When schools are inspected, the inspection team take into account what’s goes on in the local community and assess how this impacts on the performance of the school and vice versa. Over the years, inspection teams have become increasingly aware of the presence of development trusts and the contribution that they make across their communities. It seemed a natural next step to explore in a little more detail how these organisations operate and so some pilot ‘inspections’ were arranged. Suffice to say the inspectors were blown away by what they found.
With some notable exceptions, small towns find it a constant struggle to retain any level of sustained economic activity. Empty shop fronts are the bane of the high street, their impact being highly contagious, eroding the confidence of other local traders. But at the same time no one is more committed to the economic and physical wellbeing of their high street than those who live and work in it. Some interesting evidence just published by DTAS to show that small amounts of cash in the right hands at the right time can produce remarkable results.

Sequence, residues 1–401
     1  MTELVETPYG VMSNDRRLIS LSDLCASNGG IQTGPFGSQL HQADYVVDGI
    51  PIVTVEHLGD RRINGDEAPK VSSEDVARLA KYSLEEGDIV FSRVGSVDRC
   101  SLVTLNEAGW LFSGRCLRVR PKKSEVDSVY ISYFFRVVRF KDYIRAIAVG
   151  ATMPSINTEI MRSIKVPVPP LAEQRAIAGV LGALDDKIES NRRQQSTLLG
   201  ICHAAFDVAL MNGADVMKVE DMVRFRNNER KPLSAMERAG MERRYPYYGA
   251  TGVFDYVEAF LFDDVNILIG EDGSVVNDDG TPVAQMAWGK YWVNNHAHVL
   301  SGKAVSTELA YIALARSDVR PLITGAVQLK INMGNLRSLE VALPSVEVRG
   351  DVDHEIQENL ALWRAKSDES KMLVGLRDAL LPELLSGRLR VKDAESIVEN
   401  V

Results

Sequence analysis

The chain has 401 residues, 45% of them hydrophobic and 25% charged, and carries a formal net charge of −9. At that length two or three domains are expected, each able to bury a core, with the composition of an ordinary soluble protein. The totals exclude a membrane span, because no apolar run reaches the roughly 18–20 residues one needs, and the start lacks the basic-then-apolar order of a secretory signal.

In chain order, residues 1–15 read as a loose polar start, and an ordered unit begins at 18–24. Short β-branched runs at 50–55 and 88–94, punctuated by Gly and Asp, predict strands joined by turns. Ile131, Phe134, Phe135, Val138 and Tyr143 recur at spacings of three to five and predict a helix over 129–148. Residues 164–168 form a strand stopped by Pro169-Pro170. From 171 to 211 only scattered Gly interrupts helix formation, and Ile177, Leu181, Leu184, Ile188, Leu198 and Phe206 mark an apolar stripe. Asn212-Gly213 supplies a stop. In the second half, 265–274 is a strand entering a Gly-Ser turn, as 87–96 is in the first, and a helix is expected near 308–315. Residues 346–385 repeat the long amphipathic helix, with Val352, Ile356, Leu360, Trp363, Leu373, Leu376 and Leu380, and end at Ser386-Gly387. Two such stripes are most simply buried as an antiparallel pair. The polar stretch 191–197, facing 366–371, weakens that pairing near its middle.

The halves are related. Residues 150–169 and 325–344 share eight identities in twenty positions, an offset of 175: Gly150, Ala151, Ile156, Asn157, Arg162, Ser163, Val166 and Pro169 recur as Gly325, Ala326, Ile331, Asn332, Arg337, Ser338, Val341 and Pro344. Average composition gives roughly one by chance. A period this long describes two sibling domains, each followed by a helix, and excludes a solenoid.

In 2002, Iain Duncan Smith had what he called his Easterhouse Epiphany. He claimed that his eyes had been opened by what he witnessed on his visit to the Glasgow housing estate and that he now understood what it meant to experience poverty. Bob Holman, who died last week, and had dedicated his life to living and working on the estate, hosted that visit and claimed he was convinced that Duncan Smith was sincere in what he said. After witnessing the impact of Duncan Smith’s welfare reforms, Holman’s opinion of him had changed.